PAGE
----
Unix-like systems: real time indexing

Real time monitoring/indexing is performed by starting the recollindex -m command. With this option, recollindex will detach from the terminal and become a daemon, permanently monitoring file changes and updating the index.

In this situation, the recoll GUI File menu makes two operations available: Stop and Trigger incremental pass.

Trigger incremental pass has the same effect as restarting the indexer, and will cause a complete walk of the indexed area, processing the changed files, then switch to monitoring. This is only marginally useful, maybe in cases where the indexer is configured to delay updates, or to force an immediate rebuild of the stemming and phonetic data, which are only processed at intervals by the real time indexer.

While it is convenient that data is indexed in real time, repeated indexing can generate a significant load on the system when files such as email folders change. Also, monitoring large file trees by itself significantly taxes system resources. You probably do not want to enable it if your system is short on resources. Periodic indexing is adequate in most cases.

As of Recoll 1.24, you can set the monitordirs configuration variable to specify that only a subset of your indexed files will be monitored for instant indexing. In this situation, an incremental pass on the full tree can be triggered by either restarting the indexer, or just running recollindex, which will notify the running process. The recoll GUI also has a menu entry for this.

Automatic daemon start

Under KDE, Gnome and some other desktop environments, the daemon can automatically started when you log in, by creating a desktop file inside the ~/.config/autostart directory. This can be done for you by the Recoll GUI. Use the Preferences->Indexing Schedule menu.

With older X11 setups, starting the daemon is normally performed as part of the user session script.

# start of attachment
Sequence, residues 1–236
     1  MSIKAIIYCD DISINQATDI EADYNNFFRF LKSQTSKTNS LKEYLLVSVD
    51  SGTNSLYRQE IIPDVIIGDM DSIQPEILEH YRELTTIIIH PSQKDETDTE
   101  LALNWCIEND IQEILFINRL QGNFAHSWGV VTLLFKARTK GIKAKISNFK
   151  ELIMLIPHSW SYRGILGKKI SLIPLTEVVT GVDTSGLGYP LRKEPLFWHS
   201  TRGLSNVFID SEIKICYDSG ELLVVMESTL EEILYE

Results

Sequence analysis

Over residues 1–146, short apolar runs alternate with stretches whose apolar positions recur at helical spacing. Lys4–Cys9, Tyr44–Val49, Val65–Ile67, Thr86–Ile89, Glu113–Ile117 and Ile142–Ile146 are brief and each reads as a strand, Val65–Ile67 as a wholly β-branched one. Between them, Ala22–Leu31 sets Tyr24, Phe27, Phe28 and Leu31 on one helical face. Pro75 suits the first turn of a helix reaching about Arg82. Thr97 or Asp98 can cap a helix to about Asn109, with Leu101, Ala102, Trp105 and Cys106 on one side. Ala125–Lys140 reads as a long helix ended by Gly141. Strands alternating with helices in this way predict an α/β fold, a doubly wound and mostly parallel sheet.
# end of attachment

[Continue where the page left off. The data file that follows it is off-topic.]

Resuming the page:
The rclmon.sh script can be used to easily start and stop the daemon. It can be found in the examples directory (typically /usr/local/[share/]recoll/examples).

For example, a good old xdm-based session could have a .xsession script with the following lines at the end:

RECOLL_CONFDIR=$recollconf $recolldata/examples/rclmon.sh start


The indexing daemon gets started, then the window manager, for which the session waits.

By default the indexing daemon will monitor the state of the X11 session, and exit when it finishes, it is not necessary to kill it explicitly. (The X11 server monitoring can be disabled with option -x to recollindex).

If you use the daemon completely out of an X11 session, you need to add option -x to disable X11 session monitoring (else the daemon will not start).

Miscellaneous details

By default, the messages from the indexing daemon will be sent to the same file as those from the interactive commands (logfilename). You may want to change this by setting the daemlogfilename and daemloglevel configuration parameters. Also the log file will only be truncated when the daemon starts. If the daemon runs permanently, the log file may grow quite big, depending on the log level.

Increasing resources for inotify. On Linux systems, monitoring a big tree may need increasing the resources available to inotify, which are normally defined in /etc/sysctl.conf.

### inotify
# cat  /proc/sys/fs/inotify/max_queued_events   - 16384
# cat  /proc/sys/fs/inotify/max_user_instances  - 128
# cat  /proc/sys/fs/inotify/max_user_watches    - 16384
# -- Change to:

Especially, you will need to trim your tree or adjust the max_user_watches value if indexing exits with a message about errno ENOSPC (28) from inotify_add_watch.

Slowing down the reindexing rate for fast changing files. When using the real time monitor, it may happen that some files need to be indexed, but change so often that they impose an excessive load for the system. Recoll provides a configuration option to specify the minimum time before which a file, specified by a wildcard pattern, cannot be reindexed. See the mondelaypatterns parameter in the configuration section.